Insurance Coverage. Kansas, Nebraska, Oklahoma and Utah adopted provisions prohibiting all insurance policies in the state from covering abortion except in cases of life endangerment; they all permit individuals to purchase additional coverage at their own expense. These new restrictions bring to eight the number of states limiting abortion coverage in all private insurance plans (see Restricting Insurance Coverage of Abortion).
These four provisions also apply to coverage purchased through the insurance exchanges that will be established as part of the implementation of health care reform. Five additional states (FL, ID, IN, OH and VA) adopted requirements that apply only to coverage purchased on the exchange. The addition of these nine states brings to 16 the number of states restricting abortion coverage available through state insurance exchanges.
Clinic Regulations. Four states enacted provisions directing the state department of health to issue regulations governing facilities and physicians’ offices that provide abortion services. A new provision in Virginia requires a facility providing at least five abortions per month to meet the requirements for a hospital in the state. New requirements in Kansas, Pennsylvania and Utah direct the health agency to develop standards for abortion providers, including requirements for staffing, physical plant, equipment and emergency supplies; supporters of the measures made it clear that the goal was to set standards that would be difficult, if not impossible, for abortion providers to meet. Enforcement of the proposed Kansas regulations has been enjoined by a state court.
Medication Abortion. In 2011, states for the first time moved to limit provision of medication abortion by prohibiting the use of telemedicine. Seven states (AZ, KS, NE, ND, OK, SD and TN) adopted provisions requiring that the physician prescribing the medication be in the same room as the patient (see Medication Abortion).”
And, of course, abortion is not the issue as the same groups also target contraception, making US fundamentalists even more retrograde than their developing countries counterparts:
“The US is increasingly out of sync with developed and developing countries worldwide on these issues. Others get it: access to birth control is a linchpin in efforts to save lives. But the US continues to treat the issue as a political football. When people can choose whether or when to become pregnant, everyone benefits. Women are healthier, and their babies and children more likely to be fed, educated and healthy. The workforce is more robust; the government spends less on healthcare – study after study says so. The breadth of birth control’s benefits are matched only by the chronic magnitude of unmet need for it. Still today a staggering 215 million women around the world want, but lack, access.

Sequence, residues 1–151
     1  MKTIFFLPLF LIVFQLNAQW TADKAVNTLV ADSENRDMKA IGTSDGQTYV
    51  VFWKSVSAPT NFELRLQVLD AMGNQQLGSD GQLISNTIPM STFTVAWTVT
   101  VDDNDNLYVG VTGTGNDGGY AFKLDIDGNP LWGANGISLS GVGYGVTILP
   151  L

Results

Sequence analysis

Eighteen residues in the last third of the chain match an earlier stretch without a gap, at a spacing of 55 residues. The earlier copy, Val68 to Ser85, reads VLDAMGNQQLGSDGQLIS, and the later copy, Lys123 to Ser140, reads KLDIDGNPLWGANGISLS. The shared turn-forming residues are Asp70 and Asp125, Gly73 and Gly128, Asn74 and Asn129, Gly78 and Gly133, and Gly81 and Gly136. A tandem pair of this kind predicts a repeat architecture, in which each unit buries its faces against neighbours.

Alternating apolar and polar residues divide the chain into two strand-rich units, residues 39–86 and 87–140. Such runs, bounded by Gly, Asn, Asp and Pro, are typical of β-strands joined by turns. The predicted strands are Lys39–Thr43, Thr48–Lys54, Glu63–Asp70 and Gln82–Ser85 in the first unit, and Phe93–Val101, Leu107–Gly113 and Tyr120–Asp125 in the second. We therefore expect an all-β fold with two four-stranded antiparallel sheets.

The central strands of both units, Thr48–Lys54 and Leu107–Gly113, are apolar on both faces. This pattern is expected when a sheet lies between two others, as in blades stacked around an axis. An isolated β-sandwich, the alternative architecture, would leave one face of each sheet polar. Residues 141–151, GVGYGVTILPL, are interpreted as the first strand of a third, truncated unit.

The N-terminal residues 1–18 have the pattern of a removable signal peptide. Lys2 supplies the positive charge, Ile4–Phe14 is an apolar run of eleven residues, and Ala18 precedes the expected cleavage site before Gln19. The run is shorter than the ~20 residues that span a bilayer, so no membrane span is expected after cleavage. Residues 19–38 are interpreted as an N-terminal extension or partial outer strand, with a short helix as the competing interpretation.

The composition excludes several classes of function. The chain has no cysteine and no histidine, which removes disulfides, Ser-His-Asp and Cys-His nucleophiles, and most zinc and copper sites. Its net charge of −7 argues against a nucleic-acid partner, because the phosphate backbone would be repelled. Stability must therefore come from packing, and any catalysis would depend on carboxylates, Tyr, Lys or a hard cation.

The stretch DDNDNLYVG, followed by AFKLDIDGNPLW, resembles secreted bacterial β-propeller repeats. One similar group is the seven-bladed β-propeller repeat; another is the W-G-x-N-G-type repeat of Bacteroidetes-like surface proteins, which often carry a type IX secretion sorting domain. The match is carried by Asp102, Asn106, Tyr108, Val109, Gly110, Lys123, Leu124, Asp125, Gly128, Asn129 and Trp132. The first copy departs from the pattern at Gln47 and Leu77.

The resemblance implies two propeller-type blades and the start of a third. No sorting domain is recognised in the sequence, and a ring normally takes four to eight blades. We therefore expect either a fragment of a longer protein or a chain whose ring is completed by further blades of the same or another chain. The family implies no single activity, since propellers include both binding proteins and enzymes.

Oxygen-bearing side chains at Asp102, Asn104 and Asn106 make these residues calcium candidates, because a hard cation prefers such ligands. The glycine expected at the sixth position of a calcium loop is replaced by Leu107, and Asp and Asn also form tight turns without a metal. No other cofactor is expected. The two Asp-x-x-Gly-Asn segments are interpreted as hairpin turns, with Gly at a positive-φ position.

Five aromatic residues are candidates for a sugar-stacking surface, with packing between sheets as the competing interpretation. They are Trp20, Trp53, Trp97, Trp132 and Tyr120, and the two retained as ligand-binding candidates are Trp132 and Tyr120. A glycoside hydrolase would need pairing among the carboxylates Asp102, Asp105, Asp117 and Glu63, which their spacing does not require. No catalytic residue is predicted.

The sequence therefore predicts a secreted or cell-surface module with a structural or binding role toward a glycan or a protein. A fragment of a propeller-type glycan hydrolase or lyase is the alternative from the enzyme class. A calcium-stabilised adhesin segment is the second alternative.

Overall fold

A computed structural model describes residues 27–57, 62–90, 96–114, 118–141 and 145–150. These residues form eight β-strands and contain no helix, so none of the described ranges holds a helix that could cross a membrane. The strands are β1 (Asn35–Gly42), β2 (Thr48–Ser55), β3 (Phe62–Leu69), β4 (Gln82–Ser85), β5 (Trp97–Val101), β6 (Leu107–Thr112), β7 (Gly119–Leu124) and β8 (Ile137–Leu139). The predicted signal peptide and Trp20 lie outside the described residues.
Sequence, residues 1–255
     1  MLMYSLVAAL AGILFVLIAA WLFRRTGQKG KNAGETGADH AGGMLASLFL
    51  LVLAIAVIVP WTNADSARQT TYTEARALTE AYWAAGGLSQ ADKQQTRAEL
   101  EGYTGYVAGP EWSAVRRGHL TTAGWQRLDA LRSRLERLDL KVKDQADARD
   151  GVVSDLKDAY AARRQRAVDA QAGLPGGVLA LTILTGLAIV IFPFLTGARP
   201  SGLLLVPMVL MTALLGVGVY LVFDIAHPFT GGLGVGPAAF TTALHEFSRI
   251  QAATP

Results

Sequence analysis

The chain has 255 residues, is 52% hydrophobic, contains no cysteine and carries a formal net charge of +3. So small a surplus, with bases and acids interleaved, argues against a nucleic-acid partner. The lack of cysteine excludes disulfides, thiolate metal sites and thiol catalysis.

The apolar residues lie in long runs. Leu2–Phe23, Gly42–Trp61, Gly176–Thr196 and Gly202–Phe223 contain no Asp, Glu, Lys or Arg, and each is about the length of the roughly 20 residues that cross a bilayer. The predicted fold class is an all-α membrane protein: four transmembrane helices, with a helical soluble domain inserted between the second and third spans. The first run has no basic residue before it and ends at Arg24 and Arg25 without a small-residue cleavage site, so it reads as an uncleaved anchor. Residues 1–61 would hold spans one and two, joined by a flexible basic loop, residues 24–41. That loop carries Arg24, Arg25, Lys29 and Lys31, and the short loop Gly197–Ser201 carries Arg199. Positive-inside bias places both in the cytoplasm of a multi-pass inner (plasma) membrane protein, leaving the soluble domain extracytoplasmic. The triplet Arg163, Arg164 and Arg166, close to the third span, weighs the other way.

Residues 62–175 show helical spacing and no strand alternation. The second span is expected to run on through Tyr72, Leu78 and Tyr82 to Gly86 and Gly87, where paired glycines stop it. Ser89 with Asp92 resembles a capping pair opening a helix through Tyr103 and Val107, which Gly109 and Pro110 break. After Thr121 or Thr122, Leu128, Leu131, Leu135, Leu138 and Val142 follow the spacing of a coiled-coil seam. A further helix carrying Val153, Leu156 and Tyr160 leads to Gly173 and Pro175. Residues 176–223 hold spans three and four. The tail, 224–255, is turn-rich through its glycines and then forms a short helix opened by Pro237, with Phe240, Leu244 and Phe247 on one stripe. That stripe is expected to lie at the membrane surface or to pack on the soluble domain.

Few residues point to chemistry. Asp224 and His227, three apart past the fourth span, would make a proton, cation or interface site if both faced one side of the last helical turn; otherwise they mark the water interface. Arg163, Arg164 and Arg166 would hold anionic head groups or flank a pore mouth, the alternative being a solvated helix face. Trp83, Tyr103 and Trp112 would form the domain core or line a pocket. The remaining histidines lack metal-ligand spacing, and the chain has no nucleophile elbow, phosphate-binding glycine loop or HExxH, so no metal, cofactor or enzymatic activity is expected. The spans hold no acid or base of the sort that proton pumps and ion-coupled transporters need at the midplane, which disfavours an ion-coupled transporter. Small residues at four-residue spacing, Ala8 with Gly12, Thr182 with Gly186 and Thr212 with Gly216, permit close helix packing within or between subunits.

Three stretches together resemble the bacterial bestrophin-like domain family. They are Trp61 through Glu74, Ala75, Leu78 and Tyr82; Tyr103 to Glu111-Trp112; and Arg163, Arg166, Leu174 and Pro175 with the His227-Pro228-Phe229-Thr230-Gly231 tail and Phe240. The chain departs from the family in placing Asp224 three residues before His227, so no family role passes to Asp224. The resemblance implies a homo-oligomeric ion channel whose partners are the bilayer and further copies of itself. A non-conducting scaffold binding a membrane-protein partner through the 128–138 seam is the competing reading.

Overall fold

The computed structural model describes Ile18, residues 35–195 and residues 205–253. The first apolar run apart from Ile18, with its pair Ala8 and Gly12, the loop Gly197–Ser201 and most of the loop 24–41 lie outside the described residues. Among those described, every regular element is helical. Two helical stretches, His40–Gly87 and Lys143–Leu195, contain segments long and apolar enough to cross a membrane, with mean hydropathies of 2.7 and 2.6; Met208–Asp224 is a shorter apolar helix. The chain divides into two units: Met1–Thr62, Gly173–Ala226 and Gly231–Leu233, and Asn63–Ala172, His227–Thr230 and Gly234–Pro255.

Meanwhile, in October, the US house of representatives advanced a bill to cut $40m in funding from the United Nations Population Fund (UNFPA), the largest public sector provider of birth control in the world. The bill was just one part of larger efforts to undermine reproductive health, which included gutting family planning programs in the US and reinstating the “global gag rule” to punish developing countries for addressing unsafe abortion.
Although the final 2012 spending bill allocates more to global birth control than it initially threatened to, it’s still $5m shy of last year’s sum – and even that took heroic efforts to achieve. This year, the US must throw its weight behind ensuring birth control access, both at home and abroad. Other developed countries are wholeheartedly doing so. “You get it right for girls and women – you get it right for development,” said under-secretary of state Stephen O’Brien of the UK’s department for international development (DFID) recently. Last month, DFID pledged £35m in new funds to UNFPA and a day later tacked on an additional £5m for female condoms.
Women in sub-Saharan Africa and south-east Asia, where the vast majority of maternal deaths and unmet need for birth control lies, are struggling. Twin burdens of preventing or spacing pregnancies and dodging HIV risks are compounded by a chronic lack of health services and topped by taboos around sexuality. The US should be striving to do right by women worldwide by supporting their access to birth control. The Global Health Initiative, Obama’s novel effort launched in 2009, gave a modest bump to US global family planning programme, but more is needed. The US secretary of state Hillary Clinton rightly espouses the centrality of women to US foreign policy, yet on the issue of global birth control access the US remains a laggard.
By not prioritising birth control access within US borders or worldwide, the US is sending a message that contraceptive access is not important. Nothing could be farther from the truth. Developing countries – including Muslim nations – know this. In Dakar, dozens of health and finance ministers from across the African continent gathered to extol the virtues of family planning and strategise better ways of delivering it to those in need. Ambition and innovation are palpable, from Nigeria to Ethiopia. More and more developing country leaders are committed to improving women’s lives, and access to birth control is the first stop. Progress is imminent, especially in Africa.